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Shakespeare and the King’s Men: Theatre History as Endgame
A staff and postgraduate research seminar.
Dr Lucy Munro took her BA in English Language and Literature at Manchester University, moving to King’s College London for her MA and PhD.She worked at the University of Reading and Keele University, where she taught for the English, Film and Media degree programmes, before returning to King’s in September 2013.
She is Secretary of the Marlowe Society of America, Publicity Officer for the Malone Society, and a member of the Architecture Research Group at Shakespeare’s Globe and the steering group of the London Renaissance Seminar.
The thread that runs through Dr Munro’s research is an interest in the dynamic relationship between old and new in literary cultures and their afterlives. As a scholar and teacher of early modern literature, she is often concerned with presenting old texts to new audiences. Moreover, her research has dealt explicitly with questions such as: the place of youth in early modern theatre; the function of outmoded style in early modern literary culture; the revival and reshaping of old plays in performance; and the role of ageing and memory in the theatre.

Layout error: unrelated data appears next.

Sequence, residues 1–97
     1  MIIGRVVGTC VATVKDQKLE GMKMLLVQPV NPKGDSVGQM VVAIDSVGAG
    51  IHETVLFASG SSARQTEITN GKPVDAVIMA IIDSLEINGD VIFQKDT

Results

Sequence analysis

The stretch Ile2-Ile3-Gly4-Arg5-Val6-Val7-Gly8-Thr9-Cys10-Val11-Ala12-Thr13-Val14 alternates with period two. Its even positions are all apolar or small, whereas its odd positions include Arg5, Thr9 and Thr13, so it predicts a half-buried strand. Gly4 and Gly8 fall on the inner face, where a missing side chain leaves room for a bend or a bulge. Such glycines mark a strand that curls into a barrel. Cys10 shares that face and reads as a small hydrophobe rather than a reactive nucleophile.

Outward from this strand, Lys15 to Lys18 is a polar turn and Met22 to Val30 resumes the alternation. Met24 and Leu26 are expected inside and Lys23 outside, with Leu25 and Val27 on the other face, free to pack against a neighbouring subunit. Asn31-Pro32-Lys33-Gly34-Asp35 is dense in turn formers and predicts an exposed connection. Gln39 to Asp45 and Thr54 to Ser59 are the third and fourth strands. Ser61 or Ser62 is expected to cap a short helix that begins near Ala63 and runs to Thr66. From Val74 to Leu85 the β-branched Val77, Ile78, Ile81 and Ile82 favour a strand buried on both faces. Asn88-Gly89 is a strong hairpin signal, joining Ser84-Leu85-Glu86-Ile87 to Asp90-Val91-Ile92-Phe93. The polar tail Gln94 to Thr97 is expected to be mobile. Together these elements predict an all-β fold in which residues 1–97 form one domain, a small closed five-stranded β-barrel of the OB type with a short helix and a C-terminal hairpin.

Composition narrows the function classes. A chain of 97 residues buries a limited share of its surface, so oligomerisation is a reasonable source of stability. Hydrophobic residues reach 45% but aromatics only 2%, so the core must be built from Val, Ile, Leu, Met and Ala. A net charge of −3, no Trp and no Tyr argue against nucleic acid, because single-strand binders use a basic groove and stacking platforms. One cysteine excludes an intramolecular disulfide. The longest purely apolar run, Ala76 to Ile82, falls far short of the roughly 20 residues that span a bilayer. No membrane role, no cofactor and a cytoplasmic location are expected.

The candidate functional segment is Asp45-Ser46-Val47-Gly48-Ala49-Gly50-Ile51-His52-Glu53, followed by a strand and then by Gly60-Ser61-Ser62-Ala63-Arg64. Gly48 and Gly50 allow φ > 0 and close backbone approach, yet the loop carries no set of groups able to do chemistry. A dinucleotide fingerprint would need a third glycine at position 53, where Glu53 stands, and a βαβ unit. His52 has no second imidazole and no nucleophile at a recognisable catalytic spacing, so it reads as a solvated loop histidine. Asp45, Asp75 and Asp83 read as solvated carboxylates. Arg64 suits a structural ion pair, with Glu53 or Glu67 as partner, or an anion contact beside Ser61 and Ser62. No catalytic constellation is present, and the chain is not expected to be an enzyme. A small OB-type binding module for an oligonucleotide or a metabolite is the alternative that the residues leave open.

She has published two books to date. The first, Children of the Queen’s Revels: A Jacobean Theatre Repertory (Cambridge University Press, 2005), focused on the most prominent of the children’s playing companies of early modern London - the ‘little eyases’ of Shakespeare’s Hamlet - examining the company’s history and their involvement in crucial developments in dramatic genre in the early 17th century. The second, Archaic Style in Early Modern Literature, 1590-1674 (Cambridge University Press, 2013), is a study of the ways in which early modern writers use linguistic, poetic or dramatic styles that would have seemed old-fashioned to their first audiences or readers. Looking at the works of canonical figures such as Shakespeare, Milton, Spenser and Jonson alongside those of Robert Southwell, Anna Trapnel, William Cartwright and others, it argues that the attempts of writers to reconstruct outmoded styles within their own works reveal a largely untold story about the workings of literary influence and tradition, the interactions between past and present, and the uncertain contours of English nationhood.
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